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Hackers have compromised more than 120 ad servers over the past year in an ongoing campaign that displays malicious advertisements on tens of millions, if not hundreds of millions, of devices as they visit sites that, by all outward appearances, are benign.
Infiltrating the ad ecosystem by posing as a legitimate buyer requires resources. For one, scammers must invest time learning how the market works and then creating an entity that has a trustworthy reputation. The approach also requires paying money to buy space for the malicious ads to run. That’s not the technique used by a malvertising group that security firm Confiant calls Tag Barnakle.
“Tag Barnakle, on the other hand, is able to bypass this initial hurdle completely by going straight for the jugular—mass compromise of ad serving infrastructure,” Confiant researcher Eliya Stein wrote in a blog post published Monday. “Likely, they’re also able to boast an ROI [return on investment] that would eclipse their rivals as they don’t need to spend a dime to run ad campaigns.”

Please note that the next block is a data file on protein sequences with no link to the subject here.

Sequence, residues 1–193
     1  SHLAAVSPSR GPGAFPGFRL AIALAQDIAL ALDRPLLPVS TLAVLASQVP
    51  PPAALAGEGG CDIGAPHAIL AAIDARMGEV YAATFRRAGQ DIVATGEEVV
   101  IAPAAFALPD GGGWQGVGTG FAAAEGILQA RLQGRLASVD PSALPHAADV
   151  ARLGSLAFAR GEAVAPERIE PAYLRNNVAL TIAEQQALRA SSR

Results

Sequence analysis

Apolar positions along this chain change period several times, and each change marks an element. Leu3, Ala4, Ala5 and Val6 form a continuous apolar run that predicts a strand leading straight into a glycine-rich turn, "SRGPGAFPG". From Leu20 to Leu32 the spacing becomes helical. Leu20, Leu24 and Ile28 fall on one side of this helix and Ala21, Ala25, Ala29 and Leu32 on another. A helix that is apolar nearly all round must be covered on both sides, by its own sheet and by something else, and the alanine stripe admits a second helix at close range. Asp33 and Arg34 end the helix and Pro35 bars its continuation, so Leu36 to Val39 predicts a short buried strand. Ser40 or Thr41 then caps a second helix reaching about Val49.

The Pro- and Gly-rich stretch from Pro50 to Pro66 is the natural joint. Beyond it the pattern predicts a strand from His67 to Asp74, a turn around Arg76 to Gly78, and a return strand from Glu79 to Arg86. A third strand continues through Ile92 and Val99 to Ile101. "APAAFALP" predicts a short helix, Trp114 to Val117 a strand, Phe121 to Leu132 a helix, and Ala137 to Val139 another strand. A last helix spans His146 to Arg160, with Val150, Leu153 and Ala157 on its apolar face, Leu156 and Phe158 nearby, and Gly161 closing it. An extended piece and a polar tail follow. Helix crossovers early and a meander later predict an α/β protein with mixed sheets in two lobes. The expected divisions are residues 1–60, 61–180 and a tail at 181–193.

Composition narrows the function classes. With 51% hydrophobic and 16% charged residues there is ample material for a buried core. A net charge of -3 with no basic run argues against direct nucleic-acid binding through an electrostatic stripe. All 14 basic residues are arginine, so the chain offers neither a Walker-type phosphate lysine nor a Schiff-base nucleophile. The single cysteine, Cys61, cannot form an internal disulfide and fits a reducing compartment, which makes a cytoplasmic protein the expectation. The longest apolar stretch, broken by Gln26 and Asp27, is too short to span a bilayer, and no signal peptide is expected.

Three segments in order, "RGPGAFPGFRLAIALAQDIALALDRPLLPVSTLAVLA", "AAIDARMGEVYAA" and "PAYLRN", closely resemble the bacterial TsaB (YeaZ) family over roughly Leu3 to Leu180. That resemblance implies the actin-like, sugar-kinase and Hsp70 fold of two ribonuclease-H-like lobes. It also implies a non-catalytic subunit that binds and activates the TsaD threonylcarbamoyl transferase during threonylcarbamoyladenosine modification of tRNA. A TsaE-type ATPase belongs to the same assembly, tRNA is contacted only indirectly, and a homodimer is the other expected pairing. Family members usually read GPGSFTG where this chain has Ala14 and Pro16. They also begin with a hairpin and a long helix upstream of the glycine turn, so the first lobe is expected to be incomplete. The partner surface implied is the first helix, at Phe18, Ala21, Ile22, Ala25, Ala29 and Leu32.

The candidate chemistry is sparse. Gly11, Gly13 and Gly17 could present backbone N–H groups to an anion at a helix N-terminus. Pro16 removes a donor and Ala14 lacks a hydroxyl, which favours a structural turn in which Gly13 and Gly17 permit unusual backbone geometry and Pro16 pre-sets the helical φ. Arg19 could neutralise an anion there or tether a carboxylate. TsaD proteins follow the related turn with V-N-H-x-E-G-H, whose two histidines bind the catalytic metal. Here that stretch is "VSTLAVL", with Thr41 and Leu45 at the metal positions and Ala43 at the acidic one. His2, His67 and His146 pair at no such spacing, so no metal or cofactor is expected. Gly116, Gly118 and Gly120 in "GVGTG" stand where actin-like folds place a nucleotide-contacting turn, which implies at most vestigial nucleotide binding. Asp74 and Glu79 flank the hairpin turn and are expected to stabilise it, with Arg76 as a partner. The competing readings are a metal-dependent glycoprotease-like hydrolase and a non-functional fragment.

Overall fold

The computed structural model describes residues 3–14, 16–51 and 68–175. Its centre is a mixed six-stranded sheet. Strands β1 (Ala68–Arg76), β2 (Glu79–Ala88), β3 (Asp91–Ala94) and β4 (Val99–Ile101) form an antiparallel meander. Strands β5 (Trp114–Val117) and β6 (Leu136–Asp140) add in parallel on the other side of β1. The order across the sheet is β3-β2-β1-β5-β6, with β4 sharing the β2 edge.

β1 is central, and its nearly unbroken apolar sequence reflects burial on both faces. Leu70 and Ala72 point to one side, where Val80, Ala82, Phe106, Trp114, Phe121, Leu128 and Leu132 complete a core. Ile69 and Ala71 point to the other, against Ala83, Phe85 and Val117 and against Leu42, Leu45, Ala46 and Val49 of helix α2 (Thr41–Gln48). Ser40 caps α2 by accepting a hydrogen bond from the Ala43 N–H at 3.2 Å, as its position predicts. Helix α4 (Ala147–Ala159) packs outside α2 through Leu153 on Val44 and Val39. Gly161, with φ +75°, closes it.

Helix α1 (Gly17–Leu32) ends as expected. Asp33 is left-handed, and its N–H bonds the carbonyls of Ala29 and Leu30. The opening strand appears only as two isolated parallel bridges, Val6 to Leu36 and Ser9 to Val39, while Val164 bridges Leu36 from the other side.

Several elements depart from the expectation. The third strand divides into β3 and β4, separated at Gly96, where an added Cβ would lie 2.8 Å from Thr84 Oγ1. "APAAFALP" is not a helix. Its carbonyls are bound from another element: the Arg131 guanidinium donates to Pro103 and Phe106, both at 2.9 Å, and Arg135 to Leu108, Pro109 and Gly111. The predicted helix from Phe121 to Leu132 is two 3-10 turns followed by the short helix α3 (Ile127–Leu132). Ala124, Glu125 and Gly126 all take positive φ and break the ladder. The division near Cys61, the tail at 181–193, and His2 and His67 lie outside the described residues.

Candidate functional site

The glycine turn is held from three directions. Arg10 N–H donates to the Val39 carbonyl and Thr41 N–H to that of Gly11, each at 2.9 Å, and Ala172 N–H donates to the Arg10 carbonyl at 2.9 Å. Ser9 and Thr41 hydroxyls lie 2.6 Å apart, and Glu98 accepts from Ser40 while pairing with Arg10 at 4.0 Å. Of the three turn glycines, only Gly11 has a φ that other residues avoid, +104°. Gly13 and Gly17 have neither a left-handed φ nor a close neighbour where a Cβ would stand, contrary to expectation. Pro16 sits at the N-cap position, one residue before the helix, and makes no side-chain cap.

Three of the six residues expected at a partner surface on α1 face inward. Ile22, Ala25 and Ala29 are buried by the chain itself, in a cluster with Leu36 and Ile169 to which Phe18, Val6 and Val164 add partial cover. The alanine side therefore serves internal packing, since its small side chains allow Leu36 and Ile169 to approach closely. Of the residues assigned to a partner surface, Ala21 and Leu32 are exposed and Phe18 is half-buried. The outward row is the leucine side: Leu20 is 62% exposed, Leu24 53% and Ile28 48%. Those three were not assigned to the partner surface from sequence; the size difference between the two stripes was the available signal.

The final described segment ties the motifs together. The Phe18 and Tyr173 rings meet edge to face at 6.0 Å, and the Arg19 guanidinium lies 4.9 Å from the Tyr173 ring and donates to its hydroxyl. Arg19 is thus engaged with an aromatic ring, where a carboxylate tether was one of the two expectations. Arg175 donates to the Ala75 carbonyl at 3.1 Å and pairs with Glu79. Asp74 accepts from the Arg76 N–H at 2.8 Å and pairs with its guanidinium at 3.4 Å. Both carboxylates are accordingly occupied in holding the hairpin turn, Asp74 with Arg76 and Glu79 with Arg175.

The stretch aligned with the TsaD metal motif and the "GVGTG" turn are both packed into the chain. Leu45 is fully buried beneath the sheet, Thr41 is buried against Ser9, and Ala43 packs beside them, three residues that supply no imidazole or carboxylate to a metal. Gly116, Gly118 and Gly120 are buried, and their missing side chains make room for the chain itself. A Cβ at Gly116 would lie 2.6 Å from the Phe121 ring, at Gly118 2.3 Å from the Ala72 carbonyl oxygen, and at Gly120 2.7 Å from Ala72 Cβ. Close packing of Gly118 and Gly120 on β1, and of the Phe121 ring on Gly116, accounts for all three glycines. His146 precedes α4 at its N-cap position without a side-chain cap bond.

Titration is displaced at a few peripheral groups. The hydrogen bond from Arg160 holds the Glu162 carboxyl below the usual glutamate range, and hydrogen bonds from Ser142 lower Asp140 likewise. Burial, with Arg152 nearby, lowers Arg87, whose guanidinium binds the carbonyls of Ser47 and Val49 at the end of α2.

Over the past year, Tag Barnakle has infected more than 120 servers running Revive, an open source app for organizations that want to run their own ad server rather than relying on a third-party service. The 120 figure is twice the number of infected Revive servers Confiant found last year.
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